Ketamine-Induced Bladder Dysfunction
Ayşe Yürekli1, Oytun Erbaş1
1ERBAS Institute of Experimental Medicine, Illinois, USA & Gebze, Turkey
Keywords: Bladder, ketamine, lower urinary tract symptoms, renal toxicity, side effects
Ketamine is used to induce and maintain anesthesia prior to surgery. It was approved by the Food and Drug Administration in 1970 for the use of anesthetic and analgesic drugs, and patients who will be subjected to anesthesia receive intramuscular and intravenous administration. Ketamine has recently been shown to be effective in treating severe depression and has been used as an antidepressant, particularly in individuals with suicidal tendencies. It has been observed that suicidal individuals withdraw from this idea within a short period of time with ketamine treatment and approach the treatment positively. Ketamine blocks the sensory input in the brain, severing communication between the body and the brain. It is also used for malicious purposes, such as drugs, due to its perceptual delusion. The most common side effects of ketamine include hypertension, anorexia, nausea, respiratory depression, and lower urinary tract symptoms. It is excreted from the body by 96% of urine. For this reason, the most serious adverse effect is on the lower urinary system. In ketamine addicts, bladder wall thickening and related renal diseases could have serious consequences. In this review, ketamine and its effects on the bladder were examined.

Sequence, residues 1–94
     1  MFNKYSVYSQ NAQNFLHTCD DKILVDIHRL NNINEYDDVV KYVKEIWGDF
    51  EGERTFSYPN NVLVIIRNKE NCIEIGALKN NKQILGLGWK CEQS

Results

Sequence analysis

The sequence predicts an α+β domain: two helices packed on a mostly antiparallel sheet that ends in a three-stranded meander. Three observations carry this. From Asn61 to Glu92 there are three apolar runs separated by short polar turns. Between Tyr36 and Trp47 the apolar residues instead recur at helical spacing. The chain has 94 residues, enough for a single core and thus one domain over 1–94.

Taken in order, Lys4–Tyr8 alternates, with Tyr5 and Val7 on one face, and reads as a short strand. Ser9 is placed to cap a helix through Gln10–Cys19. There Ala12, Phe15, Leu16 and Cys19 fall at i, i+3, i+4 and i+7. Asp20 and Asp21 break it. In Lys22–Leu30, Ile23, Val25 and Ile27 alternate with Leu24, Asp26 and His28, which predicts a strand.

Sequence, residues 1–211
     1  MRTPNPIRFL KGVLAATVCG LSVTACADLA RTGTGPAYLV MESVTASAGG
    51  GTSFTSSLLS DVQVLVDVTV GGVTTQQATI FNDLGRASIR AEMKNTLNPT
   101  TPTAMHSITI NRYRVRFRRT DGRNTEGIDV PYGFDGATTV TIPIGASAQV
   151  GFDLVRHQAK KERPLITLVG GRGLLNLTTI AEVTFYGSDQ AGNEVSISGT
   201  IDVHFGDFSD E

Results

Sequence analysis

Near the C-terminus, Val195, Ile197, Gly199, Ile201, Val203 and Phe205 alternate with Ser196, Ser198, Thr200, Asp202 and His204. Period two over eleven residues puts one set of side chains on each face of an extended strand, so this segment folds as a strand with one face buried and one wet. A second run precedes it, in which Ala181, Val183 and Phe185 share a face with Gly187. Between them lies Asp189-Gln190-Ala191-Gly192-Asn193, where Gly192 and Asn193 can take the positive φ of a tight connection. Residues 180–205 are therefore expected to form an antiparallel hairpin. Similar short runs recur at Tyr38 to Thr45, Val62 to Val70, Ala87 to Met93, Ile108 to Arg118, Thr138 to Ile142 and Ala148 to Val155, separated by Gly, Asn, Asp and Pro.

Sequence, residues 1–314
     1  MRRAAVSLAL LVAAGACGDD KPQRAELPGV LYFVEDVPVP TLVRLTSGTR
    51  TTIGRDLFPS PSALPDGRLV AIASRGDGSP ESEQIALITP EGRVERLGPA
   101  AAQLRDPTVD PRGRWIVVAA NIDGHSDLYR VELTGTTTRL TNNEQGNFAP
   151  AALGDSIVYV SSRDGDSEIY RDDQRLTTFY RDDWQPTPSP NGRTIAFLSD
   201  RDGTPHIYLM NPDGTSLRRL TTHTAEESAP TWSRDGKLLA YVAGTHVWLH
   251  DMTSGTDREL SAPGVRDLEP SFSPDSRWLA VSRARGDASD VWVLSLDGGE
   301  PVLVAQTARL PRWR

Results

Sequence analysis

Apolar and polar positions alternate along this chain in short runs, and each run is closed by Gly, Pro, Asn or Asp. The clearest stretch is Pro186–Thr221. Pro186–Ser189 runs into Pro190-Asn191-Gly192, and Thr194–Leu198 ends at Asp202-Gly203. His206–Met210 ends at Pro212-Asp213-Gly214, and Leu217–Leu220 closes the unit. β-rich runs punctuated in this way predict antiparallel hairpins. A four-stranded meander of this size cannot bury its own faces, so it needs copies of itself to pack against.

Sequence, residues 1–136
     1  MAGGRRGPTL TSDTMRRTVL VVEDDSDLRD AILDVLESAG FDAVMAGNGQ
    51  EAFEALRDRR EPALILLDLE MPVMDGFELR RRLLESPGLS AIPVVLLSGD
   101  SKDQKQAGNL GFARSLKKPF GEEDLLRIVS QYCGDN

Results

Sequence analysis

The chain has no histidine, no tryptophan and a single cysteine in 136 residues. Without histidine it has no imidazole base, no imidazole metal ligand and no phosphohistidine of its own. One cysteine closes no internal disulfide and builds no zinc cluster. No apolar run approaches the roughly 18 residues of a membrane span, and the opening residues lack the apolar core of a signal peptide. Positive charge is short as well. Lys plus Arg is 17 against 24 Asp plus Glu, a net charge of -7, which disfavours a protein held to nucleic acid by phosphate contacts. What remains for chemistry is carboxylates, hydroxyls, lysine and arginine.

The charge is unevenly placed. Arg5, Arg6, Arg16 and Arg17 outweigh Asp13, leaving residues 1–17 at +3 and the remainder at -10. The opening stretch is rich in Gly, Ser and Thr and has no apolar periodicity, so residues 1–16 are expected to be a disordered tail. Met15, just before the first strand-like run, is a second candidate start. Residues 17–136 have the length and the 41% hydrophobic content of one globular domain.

Cite this article as: Yürekli A, Erbaş O. Ketamine-Induced Bladder Dysfunction. JEB Med Sci 2022;3(1):22-25.
The authors declared no conflicts of interest with respect to the authorship and/or publication of this article.
The authors received no financial support for the research and/or authorship of this article.